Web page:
You must release things in the correct order. So the device and object are released last.
Advanced: If you have searched and searched and still cannot find what it is that you have failed to release there is one further, advanced, trick that can help. You will have some sort of leak message like:
Direct3D9: (ERROR) :Memory Address: 003b4b3c lAllocID=1 dwSize=00003524,ReturnAddr=00cb7346 (pid=00000108)
Go to the DirectX properties dialog box in control panel and make sure it is in debug mode. Then in the 'debugging box', in the part which says 'brake on AllocID' fill in the IAllocId in your error message. Run the game and you should then see which items are not releasing. The IAllocID of 1 is probably the main DirectX object and is not being released due to something later so check against the higher id numbers first.
Note: Visual Studio .net 2003 / 2005 has much better auto complete capabilities. This answer was written for Visual Studio Version 6.
Auto complete is a capability of Viz that means when you type a pointer and the -> or a . from an instance you get a drop down list of variables and functions, which is very useful! Unfortunately it does not always work well with libraries. You can get it to work in most cases for DirectX by actually including in your project the DirectX header files. So under the file tab add the DirectX header files so they are included in the project. After doing this do a complete rebuild and auto complete will now work in most cases. The new .net environment handles auto complete fine already.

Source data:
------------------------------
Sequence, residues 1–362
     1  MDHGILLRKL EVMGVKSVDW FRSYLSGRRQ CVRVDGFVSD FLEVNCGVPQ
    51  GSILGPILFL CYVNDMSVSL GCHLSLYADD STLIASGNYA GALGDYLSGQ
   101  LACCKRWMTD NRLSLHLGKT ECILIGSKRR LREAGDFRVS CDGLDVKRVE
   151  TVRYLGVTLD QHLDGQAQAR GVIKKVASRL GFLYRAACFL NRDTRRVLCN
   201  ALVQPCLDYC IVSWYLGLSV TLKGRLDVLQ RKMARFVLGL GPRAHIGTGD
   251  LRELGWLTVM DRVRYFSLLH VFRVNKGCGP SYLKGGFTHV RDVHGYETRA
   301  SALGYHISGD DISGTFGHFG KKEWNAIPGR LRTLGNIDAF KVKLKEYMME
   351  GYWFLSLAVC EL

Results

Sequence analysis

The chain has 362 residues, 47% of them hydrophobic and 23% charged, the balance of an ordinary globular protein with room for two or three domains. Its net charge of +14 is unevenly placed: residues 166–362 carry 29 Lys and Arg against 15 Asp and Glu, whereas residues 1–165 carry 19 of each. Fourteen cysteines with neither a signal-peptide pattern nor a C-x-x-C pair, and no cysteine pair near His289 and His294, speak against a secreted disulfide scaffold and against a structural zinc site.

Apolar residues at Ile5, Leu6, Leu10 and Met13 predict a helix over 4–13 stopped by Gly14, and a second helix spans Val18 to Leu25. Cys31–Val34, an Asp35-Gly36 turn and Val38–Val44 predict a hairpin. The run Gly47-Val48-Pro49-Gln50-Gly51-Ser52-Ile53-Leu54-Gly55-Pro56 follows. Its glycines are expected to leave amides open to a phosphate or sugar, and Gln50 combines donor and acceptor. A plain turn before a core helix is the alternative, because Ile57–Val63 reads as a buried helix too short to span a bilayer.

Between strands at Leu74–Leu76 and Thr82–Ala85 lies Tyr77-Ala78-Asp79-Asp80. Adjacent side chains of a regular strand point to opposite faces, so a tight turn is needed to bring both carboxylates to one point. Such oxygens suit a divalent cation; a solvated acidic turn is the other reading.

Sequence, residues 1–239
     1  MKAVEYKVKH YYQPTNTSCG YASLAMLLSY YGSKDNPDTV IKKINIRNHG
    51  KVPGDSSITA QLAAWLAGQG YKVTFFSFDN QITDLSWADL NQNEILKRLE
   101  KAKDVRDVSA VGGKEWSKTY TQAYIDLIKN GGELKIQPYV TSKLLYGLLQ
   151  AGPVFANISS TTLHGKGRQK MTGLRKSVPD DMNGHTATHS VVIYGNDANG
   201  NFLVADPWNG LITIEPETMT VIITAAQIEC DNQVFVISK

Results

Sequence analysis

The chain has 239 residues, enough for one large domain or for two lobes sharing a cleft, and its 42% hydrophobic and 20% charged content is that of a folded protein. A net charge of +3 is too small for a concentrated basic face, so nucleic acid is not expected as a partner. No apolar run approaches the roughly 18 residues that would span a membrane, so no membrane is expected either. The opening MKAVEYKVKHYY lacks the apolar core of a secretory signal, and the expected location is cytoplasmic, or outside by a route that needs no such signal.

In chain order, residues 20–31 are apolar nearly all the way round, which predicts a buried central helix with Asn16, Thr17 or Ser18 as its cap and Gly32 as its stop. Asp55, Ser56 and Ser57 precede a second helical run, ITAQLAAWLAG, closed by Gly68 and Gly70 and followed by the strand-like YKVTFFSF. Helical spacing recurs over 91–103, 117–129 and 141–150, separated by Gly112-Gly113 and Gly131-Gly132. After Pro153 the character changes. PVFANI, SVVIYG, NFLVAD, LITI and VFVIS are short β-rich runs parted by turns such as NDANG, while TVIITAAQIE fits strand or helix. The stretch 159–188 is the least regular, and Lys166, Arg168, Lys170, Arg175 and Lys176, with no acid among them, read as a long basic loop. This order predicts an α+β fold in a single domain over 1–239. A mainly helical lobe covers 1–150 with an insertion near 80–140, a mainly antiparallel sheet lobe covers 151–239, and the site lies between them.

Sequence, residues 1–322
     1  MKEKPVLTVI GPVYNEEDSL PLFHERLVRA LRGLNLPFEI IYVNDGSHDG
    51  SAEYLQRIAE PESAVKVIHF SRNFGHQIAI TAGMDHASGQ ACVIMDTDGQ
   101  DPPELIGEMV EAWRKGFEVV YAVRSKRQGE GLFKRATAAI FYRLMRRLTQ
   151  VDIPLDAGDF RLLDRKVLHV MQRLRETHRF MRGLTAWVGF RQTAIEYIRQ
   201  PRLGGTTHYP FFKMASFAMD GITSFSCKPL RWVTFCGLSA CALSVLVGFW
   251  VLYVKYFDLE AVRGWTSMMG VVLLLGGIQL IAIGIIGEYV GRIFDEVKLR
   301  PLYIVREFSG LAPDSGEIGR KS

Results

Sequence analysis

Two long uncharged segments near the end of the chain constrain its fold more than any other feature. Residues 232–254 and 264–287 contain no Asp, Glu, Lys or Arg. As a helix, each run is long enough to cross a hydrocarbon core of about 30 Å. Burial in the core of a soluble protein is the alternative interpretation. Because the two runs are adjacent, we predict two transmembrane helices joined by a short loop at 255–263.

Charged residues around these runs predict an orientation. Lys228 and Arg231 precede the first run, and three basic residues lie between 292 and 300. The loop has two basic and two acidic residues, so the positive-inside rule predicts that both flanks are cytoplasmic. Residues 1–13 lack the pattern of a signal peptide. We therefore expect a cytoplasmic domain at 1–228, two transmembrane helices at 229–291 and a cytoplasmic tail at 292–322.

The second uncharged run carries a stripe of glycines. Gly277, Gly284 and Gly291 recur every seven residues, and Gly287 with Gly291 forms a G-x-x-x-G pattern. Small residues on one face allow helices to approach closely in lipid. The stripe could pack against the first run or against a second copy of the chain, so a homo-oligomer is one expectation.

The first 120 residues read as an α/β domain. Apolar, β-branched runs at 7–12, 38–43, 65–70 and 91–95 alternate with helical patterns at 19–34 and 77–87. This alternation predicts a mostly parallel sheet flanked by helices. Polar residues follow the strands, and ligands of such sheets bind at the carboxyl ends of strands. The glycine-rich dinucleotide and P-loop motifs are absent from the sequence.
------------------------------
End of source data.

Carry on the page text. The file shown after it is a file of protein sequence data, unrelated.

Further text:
Look at the error where it shows the path of the d3dtypes.h, if it is indicating it is in the visual studio directory then this is the problem. Visual studio comes with a very old version of DirectX so you have to make sure you use the one in the c:\dx90sdk (or where your version is installed) directory. To do this in Visual Studio 6.0 go to Tools/Options and select the directories tab, select Include Files in the Show Directories For drop down list and make sure the DirectX path is first on the list, use the arrows to move it to the top if it is not. Do the same for Library Files. See also Link Errors.
This is from a post by Phil Taylor of Microsoft on the Directxdev mailing list. I have edited it slightly for readability:
" Some one should store this somewhere for when it gets asked again :-).
Alex, Craig, and Eric burst onto stage at CGDC 1995 and showed a beta of the GamesSDK v1, with DDraw, DSound, DInput, and DPlay. The logo used was the radiation symbol, the internal code-name was "The Manhattan Project" and the technology was smoking hot compared to any previous Windows graphics API.
They got a standing o, as no one had ever seen an MS library delivering refresh-rate graphics. It was quite a scene, and the BBQ and open rides at Great America contributed to the feeling that something great was happening.
Summer of 1995 MS bought RenderMorphics with the intent of adding a 3D API to the GSDK. I know this because I was at Kaleida labs who was a source licensee of RL, and I was the 3D developer for ScriptX, both Mac and Windows. Thus Kaleida and I was notified about the transaction.
GSDK v1 shipped in Oct 1995, just after Windows 95 shipped in August 1995.
The famous Judgement day Halloween party complete with Gwar in the Haunted House at the Redwest parking lot celebrated the event.
The day after Judgement day, "The Aftermath" was held to brief developers on D3D. At that time a beta of D3D was made available. The immediate mode API was always called D3D. The higher-level RL API was renamed to be D3D Retained Mode.